Peninsula Sandstone Fynbos

Protea cynaroides growing in Peninsula Sandstone Fynbos on the Cape Peninsula.

Peninsula Sandstone Fynbos is a unique and endangered vegetation type that is endemic to the Cape Peninsula in Cape Town. This type of Mountain Fynbos occurs on very poor, acidic soils but is incredibly rich in biodiversity with an enormous number of plant species – many of which occur nowhere else. Due to its poor soils and steep, inaccessible location, it has not been developed for farming or houses, and consequently it is relatively well conserved.


Typical Peninsula Sandstone Fynbos growing in Table Mountain National Park, Cape Town.

The plant life is a special kind of Fynbos, containing a vast mix of species from all of the principal components of Fynbos vegetation. A great many of these species are endemic and can be found nowhere else in the world, including around 33 endemic Ericas. (There is even a unique species of aloe, the Table Mountain Aloe, which is also endemic to Table Mountain's Peninsula Sandstone Fynbos.) The variety of tall Protea species are particularly striking and noticeable and are especially common growing in the rough sands of wetter spots. In lower areas that are wetter still, Restios become dominant, while a wide range of Erica species predominate on the better-drained slopes. Asteraceous (Daisy) species are more common in steeper, drier spots and succulent plants occur on the steepest cliff faces. In areas which are protected from seasonal fires, such as river valleys, the Fynbos is replaced by dense, indigenous Afrotemperate forest.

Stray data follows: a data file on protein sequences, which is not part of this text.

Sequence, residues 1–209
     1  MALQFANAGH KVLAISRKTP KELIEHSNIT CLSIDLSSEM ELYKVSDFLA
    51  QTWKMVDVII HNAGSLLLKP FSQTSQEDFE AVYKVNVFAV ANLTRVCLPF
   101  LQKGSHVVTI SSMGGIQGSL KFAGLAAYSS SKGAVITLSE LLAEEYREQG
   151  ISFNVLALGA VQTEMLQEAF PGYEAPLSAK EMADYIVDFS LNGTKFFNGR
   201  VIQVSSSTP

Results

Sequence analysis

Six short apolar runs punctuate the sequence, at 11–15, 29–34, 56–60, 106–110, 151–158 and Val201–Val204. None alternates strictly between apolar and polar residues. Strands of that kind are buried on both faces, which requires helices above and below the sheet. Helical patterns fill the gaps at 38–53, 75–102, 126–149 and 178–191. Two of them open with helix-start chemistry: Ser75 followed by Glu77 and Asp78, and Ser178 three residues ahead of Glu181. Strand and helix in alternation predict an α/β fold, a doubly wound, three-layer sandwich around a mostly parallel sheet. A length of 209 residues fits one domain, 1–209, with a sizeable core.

Natural distribution

Peninsula Sandstone Fynbos is restricted to Table Mountain and the Cape Peninsula.

This is the predominant vegetation type of the higher parts of the Cape Peninsula, from the face of Table Mountain in the north, southwards as far as Cape Point. It is the main ecosystem of the upper slopes of Table Mountain (and a tiny pocket of it is found on the very top of Lions Head), but it is low-lying in the southern parts of the peninsula, often even occurring at sea level. Overall it corresponds closely with the rocky, acid sands of Table Mountain Sandstone.

Threats and conservation

Most Peninsula Sandstone Fynbos still remains (98%), mainly due to its steep, inaccessible location and its poor soils, which together make it unsuitable both for housing and for farming. The attempt to establish successful commercial pine plantations failed due to the poor soil quality; the plantations have mostly been removed. The main threats to this ecosystem today come from invasive alien plants such as wattles (mostly Port Jackson and Rooikrans wattle), hakeas and pine trees. Another problem is human disturbance of the ecosystem’s natural cycle of fires.

About 79% of this vegetation type is statutorily protected, due to its lying within the Table Mountain National Park and it is largely well preserved. However it is nonetheless classified as endangered due to its very large number of threatened Red List species.

For such a tiny ecosystem it has an extraordinarily rich biodiversity, having roughly the same number of plant species as can be found in the whole of the United Kingdom.

See also

External links

Uses material from the Wikipedia article Peninsula Sandstone Fynbos, released under the CC BY-SA 3.0 license.